Day two of religious violence in Pakistan's Dera Ismail Khan: 5 killed


A Pakistani paramedic gives treatment to injured blast victims at a hospital following a bomb explosion on the outskirts of Dera Ismail Khan in Khyber Pakhtunkhwa province on Nov. 24, 2012. A bomb exploded near a Shiite religious procession in northwest Pakistan on November 24 killing seven people including four children, hospital officials said.



Pakistani police said a bomb attack on a Shiite procession today killed five and injured at least 70 a day after a similar strike in the same city left seven dead, reported Reuters

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Local hospital official Dr. Faridullah Mahsud told the Associated Press the attack left several people in critical condition. He also said three paramilitary soldiers, part of a force stationed there in response to security concerns, had been wounded. 

The attacks on Pakistan's northwestern city of Dera Ismail Khan comes as Shiites worldwide mark Ashoura, a major religious event that some Sunni Muslims consider sacrilegious due to the two sects' dispute over the true descendent of the Prophet Muhammad.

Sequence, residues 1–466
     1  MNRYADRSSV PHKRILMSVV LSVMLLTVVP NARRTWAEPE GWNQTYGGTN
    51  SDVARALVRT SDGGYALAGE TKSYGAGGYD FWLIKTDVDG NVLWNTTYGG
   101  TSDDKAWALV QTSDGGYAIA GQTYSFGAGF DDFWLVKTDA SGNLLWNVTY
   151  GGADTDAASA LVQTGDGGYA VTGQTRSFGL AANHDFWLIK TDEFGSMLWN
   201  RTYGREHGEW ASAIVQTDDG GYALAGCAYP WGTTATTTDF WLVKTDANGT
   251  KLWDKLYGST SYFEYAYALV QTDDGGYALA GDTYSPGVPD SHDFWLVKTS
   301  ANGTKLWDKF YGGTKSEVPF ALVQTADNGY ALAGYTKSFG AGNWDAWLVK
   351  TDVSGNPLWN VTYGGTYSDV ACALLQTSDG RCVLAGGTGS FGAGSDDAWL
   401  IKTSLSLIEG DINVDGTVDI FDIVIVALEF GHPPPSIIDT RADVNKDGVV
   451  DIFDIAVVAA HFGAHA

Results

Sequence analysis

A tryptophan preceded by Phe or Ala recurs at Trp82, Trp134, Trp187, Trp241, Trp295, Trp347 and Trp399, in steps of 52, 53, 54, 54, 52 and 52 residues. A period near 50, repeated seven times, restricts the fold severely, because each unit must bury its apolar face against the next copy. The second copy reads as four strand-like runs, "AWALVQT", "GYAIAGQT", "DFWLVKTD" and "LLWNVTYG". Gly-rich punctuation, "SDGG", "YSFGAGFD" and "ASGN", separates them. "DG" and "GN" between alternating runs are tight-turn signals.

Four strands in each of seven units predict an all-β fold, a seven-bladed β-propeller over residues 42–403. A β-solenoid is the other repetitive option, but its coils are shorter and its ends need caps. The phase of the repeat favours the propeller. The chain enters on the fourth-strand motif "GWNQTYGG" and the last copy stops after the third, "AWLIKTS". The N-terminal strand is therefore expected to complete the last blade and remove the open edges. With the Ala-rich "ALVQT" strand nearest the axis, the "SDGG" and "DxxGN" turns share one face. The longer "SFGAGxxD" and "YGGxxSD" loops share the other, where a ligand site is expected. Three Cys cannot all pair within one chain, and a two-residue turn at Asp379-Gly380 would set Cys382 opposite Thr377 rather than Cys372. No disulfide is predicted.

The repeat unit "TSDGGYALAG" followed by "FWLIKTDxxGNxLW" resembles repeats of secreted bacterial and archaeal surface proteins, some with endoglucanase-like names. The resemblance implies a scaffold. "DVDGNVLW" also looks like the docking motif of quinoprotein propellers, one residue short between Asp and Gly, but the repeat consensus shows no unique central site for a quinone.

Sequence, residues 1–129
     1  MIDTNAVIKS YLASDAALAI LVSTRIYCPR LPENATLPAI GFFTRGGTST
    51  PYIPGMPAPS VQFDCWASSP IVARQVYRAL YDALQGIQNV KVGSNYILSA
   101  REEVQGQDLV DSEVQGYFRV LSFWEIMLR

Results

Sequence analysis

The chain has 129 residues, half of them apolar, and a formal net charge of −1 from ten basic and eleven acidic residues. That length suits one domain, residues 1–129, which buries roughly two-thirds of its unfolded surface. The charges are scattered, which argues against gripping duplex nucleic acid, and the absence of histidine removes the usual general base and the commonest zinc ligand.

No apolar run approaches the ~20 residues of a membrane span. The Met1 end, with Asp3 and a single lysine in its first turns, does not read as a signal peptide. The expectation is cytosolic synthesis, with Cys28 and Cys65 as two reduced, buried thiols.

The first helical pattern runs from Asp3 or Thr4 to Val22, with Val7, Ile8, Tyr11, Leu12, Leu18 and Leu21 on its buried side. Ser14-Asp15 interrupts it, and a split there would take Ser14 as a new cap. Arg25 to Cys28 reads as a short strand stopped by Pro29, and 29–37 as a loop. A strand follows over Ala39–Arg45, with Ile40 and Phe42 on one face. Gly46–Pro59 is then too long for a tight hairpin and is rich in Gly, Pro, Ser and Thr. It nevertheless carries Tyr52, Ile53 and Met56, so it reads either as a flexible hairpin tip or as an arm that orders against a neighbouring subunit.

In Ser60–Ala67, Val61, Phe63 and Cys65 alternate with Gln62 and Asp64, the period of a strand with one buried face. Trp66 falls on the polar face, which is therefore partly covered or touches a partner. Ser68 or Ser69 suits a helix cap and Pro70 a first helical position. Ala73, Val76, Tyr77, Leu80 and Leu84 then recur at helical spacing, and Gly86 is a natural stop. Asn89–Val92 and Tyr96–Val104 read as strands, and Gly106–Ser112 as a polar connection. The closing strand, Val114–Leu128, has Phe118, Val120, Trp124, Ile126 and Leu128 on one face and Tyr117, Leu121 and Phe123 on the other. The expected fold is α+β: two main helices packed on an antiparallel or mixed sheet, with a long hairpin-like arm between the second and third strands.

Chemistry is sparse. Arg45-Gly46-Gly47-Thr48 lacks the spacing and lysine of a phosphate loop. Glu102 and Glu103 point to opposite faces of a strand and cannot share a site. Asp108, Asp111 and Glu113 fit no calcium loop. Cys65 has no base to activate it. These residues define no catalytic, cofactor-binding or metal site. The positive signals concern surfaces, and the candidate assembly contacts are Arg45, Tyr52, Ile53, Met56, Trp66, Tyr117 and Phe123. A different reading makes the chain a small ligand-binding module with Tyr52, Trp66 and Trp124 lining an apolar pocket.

Shiite survivor Qais Abbas, whose relative was among the wounded, said the city's medical services were under strain due to the violence. "Here we are not getting proper care for them, there are not enough doctors or medicines," he told AP

Attacks on Shiites have taken at least 30 lives in Pakistan in the past five days, according to AP

Reuters said the explosive was believed hidden in a shop beside a street market and was detonated as the Shiite gathering passed by.

Ashoura is a very public affair that often sees elaborate street rituals mourning the death of Imam Hussein bin Ali, the grandson of the Prophet Muhammad.